Frieze Lowdown: Exhibitions to See in London
Exhibition view: Rachel Howard, You Have a New Memory, Simon Lee Gallery, London (1 October–14 November 2021). Courtesy the artist and Simon Lee Gallery.
Returning to Regent's Park, Frieze London (13–17 October 2021) is one of the most anticipated art events in the U.K. this autumn, along with the return of 1-54 Contemporary African Art Fair at Somerset House (14–17 October 2021). We compile a definitive guide of must-see exhibitions taking place alongside the fairs.
Atomised, poured, smeared, scuffed, layered, and sprayed, Rachel Howard's paintings are made from an intensively physical process. Howard's first exhibition at Simon Lee Gallery features large-scale canvases in which recollections and painted illusions are wrapped in a haze of uncertainty.
In Howard's work, colour is used to represent the instability and absurdity of life.
Spread across all three of Maddox Gallery's locations in Central London, this exhibition is the largest retrospective of artist duo James Golding and Mike Snelle to date, featuring three chapters of their collaborative practice.
The exhibition, named after their hand-painted paperback of the same title, combines fact and fiction, featuring a cabinet of curiosities, pin-up girls from the iconic 'Pulp Fiction' series, adaptations of Old Masters, and colourful 'regression paintings', inspired by their experiences of art therapy undertaken during lockdown.
Bosco Sodi: Totality
König Galerie, 259 Old Marylebone Road, NW1 5RA
13 October–13 November 2021
Bosco Sodi's textured paintings are made up of layers of paint mixed by hand over days, leaving them to dry until their surfaces begin to crack.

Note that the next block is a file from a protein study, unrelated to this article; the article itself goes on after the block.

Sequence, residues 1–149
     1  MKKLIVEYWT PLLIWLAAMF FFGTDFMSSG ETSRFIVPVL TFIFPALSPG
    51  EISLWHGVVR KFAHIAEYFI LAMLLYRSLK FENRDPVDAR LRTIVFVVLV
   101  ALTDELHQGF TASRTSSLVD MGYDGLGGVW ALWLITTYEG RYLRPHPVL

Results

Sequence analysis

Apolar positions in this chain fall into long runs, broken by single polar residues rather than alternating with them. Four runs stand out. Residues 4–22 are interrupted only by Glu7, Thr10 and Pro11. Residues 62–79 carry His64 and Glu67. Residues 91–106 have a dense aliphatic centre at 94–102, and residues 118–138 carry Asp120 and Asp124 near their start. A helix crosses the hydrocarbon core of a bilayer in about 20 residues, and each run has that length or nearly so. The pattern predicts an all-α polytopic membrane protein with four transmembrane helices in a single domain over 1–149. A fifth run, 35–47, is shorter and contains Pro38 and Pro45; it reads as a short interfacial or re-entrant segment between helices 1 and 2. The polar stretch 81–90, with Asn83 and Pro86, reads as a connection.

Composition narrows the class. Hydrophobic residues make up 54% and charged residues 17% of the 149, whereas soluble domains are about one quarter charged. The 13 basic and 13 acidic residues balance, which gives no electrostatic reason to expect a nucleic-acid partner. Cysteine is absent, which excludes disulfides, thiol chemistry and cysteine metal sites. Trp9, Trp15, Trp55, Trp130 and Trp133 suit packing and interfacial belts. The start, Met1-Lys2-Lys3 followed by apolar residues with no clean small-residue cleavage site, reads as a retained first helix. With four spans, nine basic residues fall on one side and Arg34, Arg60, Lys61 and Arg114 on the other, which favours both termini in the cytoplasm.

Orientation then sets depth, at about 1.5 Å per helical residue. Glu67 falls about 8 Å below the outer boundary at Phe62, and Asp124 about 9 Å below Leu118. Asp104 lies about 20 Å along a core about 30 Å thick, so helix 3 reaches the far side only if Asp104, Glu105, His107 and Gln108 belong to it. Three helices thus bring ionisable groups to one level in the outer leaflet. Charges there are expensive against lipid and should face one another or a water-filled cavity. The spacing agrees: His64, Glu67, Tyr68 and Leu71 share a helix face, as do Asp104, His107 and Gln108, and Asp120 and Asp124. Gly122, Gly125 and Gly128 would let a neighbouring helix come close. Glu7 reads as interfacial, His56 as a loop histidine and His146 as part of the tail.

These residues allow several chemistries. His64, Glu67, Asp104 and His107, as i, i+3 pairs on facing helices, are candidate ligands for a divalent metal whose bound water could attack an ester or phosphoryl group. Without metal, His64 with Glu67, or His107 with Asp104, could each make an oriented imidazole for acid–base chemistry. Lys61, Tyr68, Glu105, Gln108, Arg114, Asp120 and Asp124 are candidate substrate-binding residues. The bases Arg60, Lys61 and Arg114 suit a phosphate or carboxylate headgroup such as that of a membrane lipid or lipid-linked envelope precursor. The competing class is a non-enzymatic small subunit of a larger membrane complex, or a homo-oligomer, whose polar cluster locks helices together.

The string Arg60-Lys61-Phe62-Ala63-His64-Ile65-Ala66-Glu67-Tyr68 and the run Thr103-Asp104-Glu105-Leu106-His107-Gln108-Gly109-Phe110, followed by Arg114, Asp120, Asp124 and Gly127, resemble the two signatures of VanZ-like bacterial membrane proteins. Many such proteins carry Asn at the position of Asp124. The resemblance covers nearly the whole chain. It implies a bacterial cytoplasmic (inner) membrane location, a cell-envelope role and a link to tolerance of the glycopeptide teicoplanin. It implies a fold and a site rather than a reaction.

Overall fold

In an alchemic process, the paintings' pure pigments in black, gold, white, and grey blend and change over time, combined with glue and natural fibres. The exhibition will also include nine clay planets, alluding to the gravitational field of the works.
Derek Boshier blends Greek mythology with South Korean entertainment in two new series, including acrylic paintings on canvas and black and white drawings on paper. 'Change occurs when you place one thing besides another,' the British Pop artist reflects.
Contemporary culture falls under playful critique in this exhibition, with cartoon-like images featuring besides pencil drawings of 19th-century paintings.
Making It: Women and Abstract Sculpture
Waddington Custot, 11–12 Cork Street, W1S 3LT
1 October–13 November 2021
Making It features female sculptors practicing in the 1960s and 70s, known for their unconventional methods such as folding metal and hand knitted rope and fusing gold leaf with linen.
The exhibition will include works by Olga de Amaral, Lynda Benglis, and Françoise Grossen, among others. They expanded the boundaries of sculpture, defied gender stereotypes, and preserved the materiality of the artwork amid shifting registers towards language.
Liza Lou is known for her hand-woven beaded sculptures replicating objects and environments, connecting art, craft, and gender-specific labour.
Desire Lines refers to the instinctual movement of animals and humans through space. In Lou's beaded grid paintings, unplanned paths emerge in found landscapes—tidal waves and lost highways made from rows of coloured beads, painted cloths, and splashes of oil paint.
Theaster Gates is a sculptor and installation artist known for his ceramic works and cultural and communal interventions in Black spaces. As the artist has stated in Ocula Magazine, 'Labour remains my protest. Art and action, my only weapons.'
A Clay Sermon gathers two decades of Gates' sculptures to explore the significance of clay and its material, spiritual, and colonial legacies. The exhibition will feature works from hand-thrown pots to large-scale 'Afro-Mingei' sculptures, combining elements from Japanese and American culture.
Pamela Rosenkranz is a Swiss multimedia artist who places commonplace objects like branded water bottles and office chairs in liquids and light to create sculptures and installations that reflect on consumption and human existence.
For Healer, a robotic snake will greet viewers Sprüth Magers, its movement influenced by electromagnetic fields, including viewers' mobile phones.
Thomas Scheibitz is a German conceptual painter and sculptor whose work looks for new relationships between abstraction and figuration. The exhibition's title is a term used to describe singular events that, although unpredictable, were plausible in hindsight. The artist uses this term to allude to events of the past year, as well as the act of painting itself.
The painter's first show at Sprüth Magers will feature new paintings, sculptures, and large works on rag paper drawn from personal archives and art historical references.